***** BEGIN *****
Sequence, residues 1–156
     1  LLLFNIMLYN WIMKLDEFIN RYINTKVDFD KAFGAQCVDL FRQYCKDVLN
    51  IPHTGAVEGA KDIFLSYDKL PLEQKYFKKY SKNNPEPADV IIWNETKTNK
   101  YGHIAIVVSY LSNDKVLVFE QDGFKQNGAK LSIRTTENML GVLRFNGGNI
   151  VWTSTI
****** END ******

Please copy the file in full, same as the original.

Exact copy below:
Sequence, residues 1–156
     1  LLLFNIMLYN WIMKLDEFIN RYINTKVDFD KAFGAQCVDL FRQYCKDVLN
    51  IPHTGAVEGA KDIFLSYDKL PLEQKYFKKY SKNNPEPADV IIWNETKTNK
   101  YGHIAIVVSY LSNDKVLVFE QDGFKQNGAK LSIRTTENML GVLRFNGGNI
   151  VWTSTI